Have you ever been asked what it means to you to be Australian?
I have. And it has taken me a while to put my response into words. Politicians and people tapping away on social media are quick to stamp words or actions as “un-Australian”. But I have always found it makes more sense to work out what Australians are, rather than what we are not.
In many ways, it is easiest to define “Australian” as a way of being.
A spirit of determination. The courage to rise to the occasion. A willingness to lend a hand. A preparedness to listen as well as talk. A quickness to laugh. A mutual respect.
The last couple of years has showed some other characteristics of Australians. We largely play by the rules. We look out for one another. We put the community good above our own individual good, most of the time. And we enjoy a good feed with mates and family, BYO meat for the BBQ – but sometimes, oddly, we get a little nervous about our supply of toilet paper.
In my lifetime, I have listened to the conversation about Australia Day change, and I have realised that what it means to be Australian has changed too. At least, to Randall and me.
Being Australian means taking in the whole story of Australia’s history, even the bits we weren’t necessarily taught in school, the parts we may not understand or the parts that may feel deeply uncomfortable and sad. We put them alongside the parts of our story that make us proud and the parts that make us humble.
This year, as Australia Day comes, I wanted to recognise the history of Australia’s First Nations people.
Their story is the foundation of Australia, its earliest origins. And the recognition of their place in Australia’s story is also the way of our future.
At the Australian of the Year awards 2021, I watched the presentation and was moved by the words and character of Dr Miriam-Rose Ungunmerr Baumann AM (Senior Australian of the Year). In her speech, Dr Rose asked something of us. She said, “We have lived in this country for many thousands of years and 200 years ago we began to interact with white fellas.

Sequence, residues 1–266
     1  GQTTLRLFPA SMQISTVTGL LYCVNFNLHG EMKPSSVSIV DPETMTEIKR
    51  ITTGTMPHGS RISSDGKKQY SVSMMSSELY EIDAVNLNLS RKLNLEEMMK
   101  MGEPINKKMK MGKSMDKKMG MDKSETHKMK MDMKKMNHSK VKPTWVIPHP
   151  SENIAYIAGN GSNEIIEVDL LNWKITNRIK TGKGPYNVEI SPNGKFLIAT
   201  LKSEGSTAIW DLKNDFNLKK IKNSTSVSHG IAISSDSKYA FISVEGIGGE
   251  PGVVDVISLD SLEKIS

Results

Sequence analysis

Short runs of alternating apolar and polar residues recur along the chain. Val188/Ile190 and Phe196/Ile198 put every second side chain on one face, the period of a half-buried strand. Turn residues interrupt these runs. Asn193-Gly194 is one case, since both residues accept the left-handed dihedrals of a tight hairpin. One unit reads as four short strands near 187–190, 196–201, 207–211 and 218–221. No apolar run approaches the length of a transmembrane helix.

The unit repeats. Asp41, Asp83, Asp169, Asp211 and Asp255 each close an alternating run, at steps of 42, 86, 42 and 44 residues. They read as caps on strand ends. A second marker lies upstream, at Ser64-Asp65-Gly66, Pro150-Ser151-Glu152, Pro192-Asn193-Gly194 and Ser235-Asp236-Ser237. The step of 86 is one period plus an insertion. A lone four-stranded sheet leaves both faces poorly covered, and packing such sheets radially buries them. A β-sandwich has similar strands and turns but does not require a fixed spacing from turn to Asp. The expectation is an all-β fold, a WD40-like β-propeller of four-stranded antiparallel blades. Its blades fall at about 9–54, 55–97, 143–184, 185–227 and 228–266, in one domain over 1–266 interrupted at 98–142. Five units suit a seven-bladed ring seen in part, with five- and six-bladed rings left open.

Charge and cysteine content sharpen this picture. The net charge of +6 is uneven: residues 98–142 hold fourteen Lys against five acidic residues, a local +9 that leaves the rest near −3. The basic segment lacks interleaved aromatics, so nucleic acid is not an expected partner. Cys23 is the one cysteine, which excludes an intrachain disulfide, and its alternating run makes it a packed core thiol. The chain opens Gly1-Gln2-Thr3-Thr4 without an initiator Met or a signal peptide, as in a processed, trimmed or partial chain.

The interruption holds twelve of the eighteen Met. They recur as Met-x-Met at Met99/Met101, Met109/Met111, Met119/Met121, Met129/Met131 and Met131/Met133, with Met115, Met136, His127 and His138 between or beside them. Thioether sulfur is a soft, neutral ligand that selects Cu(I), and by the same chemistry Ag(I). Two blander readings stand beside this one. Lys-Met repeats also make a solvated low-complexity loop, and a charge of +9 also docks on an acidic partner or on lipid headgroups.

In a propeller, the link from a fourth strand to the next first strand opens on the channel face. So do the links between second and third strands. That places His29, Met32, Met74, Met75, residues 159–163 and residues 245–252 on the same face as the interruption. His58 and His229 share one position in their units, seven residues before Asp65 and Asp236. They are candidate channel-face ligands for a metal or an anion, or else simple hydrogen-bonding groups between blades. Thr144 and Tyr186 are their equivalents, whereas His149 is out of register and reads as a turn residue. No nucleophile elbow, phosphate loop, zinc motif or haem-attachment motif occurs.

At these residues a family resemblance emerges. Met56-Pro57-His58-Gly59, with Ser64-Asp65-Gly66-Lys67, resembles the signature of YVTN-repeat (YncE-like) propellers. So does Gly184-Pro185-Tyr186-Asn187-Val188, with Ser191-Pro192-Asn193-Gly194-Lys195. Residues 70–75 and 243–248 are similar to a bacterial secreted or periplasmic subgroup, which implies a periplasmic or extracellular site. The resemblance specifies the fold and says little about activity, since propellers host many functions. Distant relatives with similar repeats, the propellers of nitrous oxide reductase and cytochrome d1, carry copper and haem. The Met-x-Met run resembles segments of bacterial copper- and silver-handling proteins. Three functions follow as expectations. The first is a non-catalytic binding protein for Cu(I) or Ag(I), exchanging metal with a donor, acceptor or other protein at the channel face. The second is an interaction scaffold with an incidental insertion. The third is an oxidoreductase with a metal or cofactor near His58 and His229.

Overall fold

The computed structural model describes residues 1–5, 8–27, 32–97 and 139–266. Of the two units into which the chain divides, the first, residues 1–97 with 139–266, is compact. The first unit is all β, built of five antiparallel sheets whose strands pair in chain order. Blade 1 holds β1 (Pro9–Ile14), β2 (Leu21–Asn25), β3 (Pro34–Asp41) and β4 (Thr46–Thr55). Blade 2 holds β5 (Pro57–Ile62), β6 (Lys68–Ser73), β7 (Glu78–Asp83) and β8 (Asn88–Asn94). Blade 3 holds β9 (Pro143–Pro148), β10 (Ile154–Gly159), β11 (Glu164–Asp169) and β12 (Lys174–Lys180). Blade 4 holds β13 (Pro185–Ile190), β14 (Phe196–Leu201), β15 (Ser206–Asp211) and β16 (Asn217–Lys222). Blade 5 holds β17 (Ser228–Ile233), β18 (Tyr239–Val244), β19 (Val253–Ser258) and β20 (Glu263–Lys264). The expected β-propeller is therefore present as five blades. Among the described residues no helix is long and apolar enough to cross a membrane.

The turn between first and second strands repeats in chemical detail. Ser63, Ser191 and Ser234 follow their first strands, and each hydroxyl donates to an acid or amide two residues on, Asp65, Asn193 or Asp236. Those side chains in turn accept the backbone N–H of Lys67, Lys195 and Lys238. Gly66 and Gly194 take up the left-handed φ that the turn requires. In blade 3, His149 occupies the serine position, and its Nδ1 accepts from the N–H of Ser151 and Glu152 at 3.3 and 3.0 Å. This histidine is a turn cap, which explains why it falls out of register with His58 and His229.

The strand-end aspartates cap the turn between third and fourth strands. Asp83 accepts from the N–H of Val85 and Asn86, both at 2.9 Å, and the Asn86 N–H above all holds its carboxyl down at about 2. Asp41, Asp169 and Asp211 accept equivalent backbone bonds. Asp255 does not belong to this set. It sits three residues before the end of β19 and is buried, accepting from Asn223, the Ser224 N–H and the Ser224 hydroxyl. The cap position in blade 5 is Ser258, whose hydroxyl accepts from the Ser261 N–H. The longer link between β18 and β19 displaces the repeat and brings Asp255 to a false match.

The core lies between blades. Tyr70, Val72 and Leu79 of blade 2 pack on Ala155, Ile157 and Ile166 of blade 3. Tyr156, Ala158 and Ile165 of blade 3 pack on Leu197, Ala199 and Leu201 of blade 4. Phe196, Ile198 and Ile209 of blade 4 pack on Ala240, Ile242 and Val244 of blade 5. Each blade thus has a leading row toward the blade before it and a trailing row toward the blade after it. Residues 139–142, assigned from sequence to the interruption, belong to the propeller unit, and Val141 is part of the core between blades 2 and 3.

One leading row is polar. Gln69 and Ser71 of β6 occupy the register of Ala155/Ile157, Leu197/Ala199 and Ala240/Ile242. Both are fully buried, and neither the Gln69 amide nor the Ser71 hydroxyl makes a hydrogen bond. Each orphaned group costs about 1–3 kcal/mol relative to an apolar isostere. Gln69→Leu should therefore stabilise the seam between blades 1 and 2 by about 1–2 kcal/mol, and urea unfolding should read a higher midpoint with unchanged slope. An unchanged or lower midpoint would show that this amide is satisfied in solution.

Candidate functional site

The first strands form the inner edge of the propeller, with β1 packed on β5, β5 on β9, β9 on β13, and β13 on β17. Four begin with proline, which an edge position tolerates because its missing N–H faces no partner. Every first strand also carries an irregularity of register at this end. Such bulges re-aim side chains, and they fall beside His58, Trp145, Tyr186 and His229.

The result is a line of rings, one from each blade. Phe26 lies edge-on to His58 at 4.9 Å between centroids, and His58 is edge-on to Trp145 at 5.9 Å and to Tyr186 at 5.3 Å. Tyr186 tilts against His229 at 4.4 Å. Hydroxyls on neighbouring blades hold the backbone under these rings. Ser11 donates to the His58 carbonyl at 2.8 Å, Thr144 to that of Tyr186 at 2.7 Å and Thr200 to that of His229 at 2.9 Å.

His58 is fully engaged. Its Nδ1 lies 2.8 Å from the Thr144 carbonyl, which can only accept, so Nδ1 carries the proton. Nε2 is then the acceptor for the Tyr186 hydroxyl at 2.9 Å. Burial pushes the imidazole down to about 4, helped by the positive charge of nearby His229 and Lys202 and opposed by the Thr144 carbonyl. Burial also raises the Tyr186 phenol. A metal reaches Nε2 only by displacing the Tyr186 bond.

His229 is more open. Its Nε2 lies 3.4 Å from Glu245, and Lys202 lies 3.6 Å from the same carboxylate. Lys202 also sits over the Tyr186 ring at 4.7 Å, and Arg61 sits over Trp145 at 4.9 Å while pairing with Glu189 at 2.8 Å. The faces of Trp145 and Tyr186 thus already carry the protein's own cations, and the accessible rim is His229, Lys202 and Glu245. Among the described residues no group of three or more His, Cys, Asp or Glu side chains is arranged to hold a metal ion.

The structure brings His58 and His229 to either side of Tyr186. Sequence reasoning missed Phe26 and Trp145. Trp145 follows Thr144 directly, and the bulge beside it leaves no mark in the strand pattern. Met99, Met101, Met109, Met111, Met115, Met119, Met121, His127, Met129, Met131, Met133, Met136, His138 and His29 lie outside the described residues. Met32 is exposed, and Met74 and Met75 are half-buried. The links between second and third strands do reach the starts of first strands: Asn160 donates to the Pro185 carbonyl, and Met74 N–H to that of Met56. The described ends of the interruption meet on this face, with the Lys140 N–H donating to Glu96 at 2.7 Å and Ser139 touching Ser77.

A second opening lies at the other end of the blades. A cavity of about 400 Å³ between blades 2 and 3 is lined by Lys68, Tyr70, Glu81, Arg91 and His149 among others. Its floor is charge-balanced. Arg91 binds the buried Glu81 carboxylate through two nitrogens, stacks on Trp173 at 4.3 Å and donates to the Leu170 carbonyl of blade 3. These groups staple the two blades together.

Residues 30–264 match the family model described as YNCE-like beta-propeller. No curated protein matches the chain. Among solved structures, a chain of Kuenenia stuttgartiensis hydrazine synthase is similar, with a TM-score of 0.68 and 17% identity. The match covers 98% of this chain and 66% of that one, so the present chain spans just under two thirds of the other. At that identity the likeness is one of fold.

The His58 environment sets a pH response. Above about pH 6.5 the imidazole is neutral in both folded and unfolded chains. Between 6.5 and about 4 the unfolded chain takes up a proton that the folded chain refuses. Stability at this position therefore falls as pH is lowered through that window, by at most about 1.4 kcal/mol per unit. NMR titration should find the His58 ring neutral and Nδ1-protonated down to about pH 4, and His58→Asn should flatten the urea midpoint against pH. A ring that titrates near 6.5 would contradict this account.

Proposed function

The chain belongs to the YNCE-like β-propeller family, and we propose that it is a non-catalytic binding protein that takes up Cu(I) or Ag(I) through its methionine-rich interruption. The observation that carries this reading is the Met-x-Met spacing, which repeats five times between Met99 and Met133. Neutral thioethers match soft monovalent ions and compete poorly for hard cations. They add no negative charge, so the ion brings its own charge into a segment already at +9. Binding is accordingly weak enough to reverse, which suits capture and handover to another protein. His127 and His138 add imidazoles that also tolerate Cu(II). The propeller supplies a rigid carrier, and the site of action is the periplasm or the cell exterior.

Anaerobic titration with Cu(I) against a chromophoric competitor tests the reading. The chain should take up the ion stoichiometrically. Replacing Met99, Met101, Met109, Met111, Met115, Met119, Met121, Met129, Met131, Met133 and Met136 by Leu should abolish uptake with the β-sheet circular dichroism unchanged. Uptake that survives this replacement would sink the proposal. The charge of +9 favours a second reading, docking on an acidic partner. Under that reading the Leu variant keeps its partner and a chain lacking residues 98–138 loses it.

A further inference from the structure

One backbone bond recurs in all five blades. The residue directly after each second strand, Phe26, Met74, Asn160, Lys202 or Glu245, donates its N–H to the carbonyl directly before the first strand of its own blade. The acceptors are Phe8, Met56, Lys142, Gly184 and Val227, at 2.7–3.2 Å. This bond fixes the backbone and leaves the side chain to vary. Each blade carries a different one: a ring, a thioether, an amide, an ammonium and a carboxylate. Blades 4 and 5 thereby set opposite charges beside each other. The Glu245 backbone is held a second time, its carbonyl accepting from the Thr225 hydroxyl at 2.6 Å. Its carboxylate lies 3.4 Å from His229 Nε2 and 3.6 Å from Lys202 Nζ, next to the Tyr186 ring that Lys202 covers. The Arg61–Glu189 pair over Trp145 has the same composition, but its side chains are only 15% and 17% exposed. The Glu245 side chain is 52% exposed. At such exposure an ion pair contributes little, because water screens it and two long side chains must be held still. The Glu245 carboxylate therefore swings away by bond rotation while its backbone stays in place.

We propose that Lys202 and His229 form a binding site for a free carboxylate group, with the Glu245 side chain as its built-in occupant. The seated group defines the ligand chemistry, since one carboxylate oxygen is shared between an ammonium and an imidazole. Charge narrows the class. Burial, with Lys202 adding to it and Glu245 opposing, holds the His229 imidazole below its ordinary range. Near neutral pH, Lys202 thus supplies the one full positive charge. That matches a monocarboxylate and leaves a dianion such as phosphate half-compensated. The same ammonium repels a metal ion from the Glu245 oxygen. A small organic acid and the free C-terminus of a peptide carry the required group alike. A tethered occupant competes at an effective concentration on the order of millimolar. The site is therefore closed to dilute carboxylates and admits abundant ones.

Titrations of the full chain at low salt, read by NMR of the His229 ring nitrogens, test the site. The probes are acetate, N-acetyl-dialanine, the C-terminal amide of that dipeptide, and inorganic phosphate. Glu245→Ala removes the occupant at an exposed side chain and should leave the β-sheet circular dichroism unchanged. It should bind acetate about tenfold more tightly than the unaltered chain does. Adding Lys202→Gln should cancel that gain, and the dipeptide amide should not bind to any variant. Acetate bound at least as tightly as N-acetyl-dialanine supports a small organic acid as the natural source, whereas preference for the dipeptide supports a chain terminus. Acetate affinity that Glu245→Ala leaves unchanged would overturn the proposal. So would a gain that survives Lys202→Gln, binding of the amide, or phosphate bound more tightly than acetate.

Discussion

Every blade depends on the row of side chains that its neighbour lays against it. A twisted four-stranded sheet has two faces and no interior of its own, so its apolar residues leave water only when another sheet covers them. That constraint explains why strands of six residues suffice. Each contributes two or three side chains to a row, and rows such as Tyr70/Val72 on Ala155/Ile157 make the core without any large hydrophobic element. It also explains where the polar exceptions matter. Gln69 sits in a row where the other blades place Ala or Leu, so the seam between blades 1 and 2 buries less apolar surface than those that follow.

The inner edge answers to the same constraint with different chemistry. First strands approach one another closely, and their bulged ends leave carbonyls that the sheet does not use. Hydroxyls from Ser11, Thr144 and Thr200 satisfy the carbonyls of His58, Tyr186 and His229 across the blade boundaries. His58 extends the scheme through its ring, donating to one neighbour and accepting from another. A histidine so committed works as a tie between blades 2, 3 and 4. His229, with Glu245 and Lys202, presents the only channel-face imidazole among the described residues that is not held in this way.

“Since then, we have adapted to a new way of living. We learned to speak your English fluently. For years we have walked on a one-way street to learn the white man’s, white people’s way. I’ve learned to walk in two worlds and to live in towns and cities and even worked in them. Now is the time for you to come closer to understand us and to understand how we live and listen to what the needs are in our communities. When you come to visit or work in our communities and leave your comfort zones, I ask that you bring your knowledge and wisdom, but we ask you also to learn and understand how we live and function in our communities and listen to what our needs are.”
She called for us, for Australians, to listen deeply to each other, to Indigenous Australians. It is a depth of listening – dadirri – that is actually more than an act but a way of being.
To truly listen, well, that is something I am still working on. It takes practice. It involves a willingness to put down what I think I know and be curious about what I could learn.
This Australia Day, I am going to make time to listen; listen to our First People’s thoughts and stories of what Australia Day means to them. And then I am going to do my best to understand more.
I love this country, I love being Australian. I love being the daughter and great grand-daughter of migrants who made new lives in Australia. Our story of Australia is not perfect, no family ever has a perfect story, but it is one that is still being written.
No matter your feelings towards this day, where you came from or where you are heading, I hope you find space to join me in listening too. And together, with brave hearts and minds, we can continue to write the next chapter of what it means to be Australian.